Is building a product actually easier than marketing the thing? Some would answer yes. Perhaps it depends on what you’ve set out to build. (Yo, anyone?) On one hand, while marketing has become easier due to more methods at our disposal and advanced tools for measuring impact, the holistic idea of “marketing” as a whole does have its challenges.
For one, marketing departments don’t have a template to follow. There are no feature sets, no assigned tasks in Jira, no testing build to see if the features actually work.
That’s not to say that building a quality product isn’t challenging — it’s been reported that less than 0.01 percent of consumer mobile apps actually find financial success. The argument is then reversed. Is marketing to blame for this unfortunate rate of success? Perhaps.
Marketing has it’s own set of uniquely complex problems. In some ways the old adage still rings true – “marketing is throwing things against the wall to see what sticks.” But things have gotten drastically better.
In recent years marketing strategy has evolved considerably and the old paradigm is much less relevant. Consider advertising. This year the BBC reported that for the first time ever teens are spending more time online than they are watching television. This leaves the advertising world scrambling to reach them in other places like YouTube, in-games, or within narrowcast messaging apps like Snapchat. (by the way, they no longer use Facebook.)
The good news is that these new marketing opportunities are long tail and highly quantifiable through qualitative data. In other words, we can now measure our marketing dollars much more clearly.
Take the following example. Rather than buying a Superbowl spot on television an advertiser runs a video campaign tied to a timely topic using celebrity influencers as bait. The distribution channels? Social media. Along the same lines, relevant ad units can purchased within games, and badges or funny filters are great offerings we’re starting to see presented within narrowcast environments.
With the exception of the television spot, all of the above is measureable. What’s more, it can be broken down by demographic and user persona. It becomes easier than ever to understand who engages with your product.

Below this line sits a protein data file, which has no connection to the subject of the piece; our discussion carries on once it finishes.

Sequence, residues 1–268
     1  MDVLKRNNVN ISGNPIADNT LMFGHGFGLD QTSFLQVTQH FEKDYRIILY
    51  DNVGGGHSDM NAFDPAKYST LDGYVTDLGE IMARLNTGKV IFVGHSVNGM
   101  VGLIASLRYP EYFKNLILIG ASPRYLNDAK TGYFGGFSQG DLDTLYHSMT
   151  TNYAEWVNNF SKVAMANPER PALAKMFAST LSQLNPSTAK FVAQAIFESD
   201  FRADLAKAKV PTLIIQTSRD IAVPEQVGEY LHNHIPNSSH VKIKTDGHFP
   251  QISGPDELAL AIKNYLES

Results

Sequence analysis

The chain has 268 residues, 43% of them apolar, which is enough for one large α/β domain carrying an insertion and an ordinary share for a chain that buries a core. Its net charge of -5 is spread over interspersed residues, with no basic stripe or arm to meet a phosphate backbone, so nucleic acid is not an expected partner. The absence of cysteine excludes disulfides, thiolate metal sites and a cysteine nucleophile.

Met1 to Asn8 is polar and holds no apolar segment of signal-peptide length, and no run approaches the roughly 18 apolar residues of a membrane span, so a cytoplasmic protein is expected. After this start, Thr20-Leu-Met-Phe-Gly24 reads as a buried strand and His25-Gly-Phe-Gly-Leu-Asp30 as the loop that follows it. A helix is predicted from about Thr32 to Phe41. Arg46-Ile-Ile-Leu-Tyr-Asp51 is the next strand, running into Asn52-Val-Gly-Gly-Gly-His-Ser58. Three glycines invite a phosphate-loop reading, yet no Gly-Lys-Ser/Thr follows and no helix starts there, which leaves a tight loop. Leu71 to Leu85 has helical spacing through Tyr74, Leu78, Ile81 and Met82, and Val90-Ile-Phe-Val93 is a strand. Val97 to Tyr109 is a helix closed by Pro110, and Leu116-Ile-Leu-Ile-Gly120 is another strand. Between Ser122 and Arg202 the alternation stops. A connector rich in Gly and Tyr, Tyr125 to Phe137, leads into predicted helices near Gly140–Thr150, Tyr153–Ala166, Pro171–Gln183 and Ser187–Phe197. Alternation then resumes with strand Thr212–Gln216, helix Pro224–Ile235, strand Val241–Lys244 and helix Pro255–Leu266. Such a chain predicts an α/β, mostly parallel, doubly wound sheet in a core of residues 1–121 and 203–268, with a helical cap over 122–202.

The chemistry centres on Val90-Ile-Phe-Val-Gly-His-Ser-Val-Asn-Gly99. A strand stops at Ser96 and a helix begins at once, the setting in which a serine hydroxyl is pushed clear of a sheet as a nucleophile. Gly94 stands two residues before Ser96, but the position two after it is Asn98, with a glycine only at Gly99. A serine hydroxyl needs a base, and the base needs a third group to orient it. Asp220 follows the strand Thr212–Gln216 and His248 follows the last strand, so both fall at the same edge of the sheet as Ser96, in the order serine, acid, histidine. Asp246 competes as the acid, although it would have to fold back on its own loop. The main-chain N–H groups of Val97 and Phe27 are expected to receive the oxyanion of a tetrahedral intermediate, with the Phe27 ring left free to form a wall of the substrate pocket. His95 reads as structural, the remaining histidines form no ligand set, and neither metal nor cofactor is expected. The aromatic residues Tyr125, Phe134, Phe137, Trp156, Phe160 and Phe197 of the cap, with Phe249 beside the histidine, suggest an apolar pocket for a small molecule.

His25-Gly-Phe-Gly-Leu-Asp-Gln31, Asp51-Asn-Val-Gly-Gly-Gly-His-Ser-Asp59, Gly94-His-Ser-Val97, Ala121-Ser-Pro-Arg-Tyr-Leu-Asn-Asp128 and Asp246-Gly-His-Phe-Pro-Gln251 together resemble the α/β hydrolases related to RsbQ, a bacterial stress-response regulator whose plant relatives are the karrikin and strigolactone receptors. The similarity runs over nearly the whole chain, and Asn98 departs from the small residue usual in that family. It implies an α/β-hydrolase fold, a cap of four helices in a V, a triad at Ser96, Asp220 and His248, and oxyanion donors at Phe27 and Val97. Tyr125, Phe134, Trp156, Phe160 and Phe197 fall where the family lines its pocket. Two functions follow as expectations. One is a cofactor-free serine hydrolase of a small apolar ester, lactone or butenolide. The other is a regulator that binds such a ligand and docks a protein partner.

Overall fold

By the way, this is exactly what the new’ish methodology of “growth hacking” employs.
[To be clear, growth hacking isn’t actually hacking. It is the process of deliberately employing small, measurable action items in order to see what actually works. After you get an idea of what consumers respond the best to, you can then double down in the areas with noticeable (measurable) success.]
Examples of these small and measurable action items include: running an incremental batch of ad buys on AdWords or Facebook, A/B testing content on your website, low level influencer marketing, strategically posting to social media. Marketing dollars don’t need to be spent in chunks, rather in small increments — think subscriptions and incremental ad buys.
This approach is vastly different from the old days when simply doing things like issuing a press release, having a presence at trade shows, or buying billboard space were the norm.
The key in the digital economy is to focus on things that are measurable.
Not only can you market your product in a highly strategic way, you’ll gain valuable user feedback as you go.
The new marketing paradigm involves more channels than ever. These channels include but are not limited to: content optimization, community building, e-mail marketing, and business development. With so many options it’s important to be strategic and find the channels that work best for you.
There are countless combinations of levers to pull in order to find success, which are found through experimentation. Some approaches may work for one company and fail for yours. You must choose your channels wisely, and you’ll be reaching your goals in no time.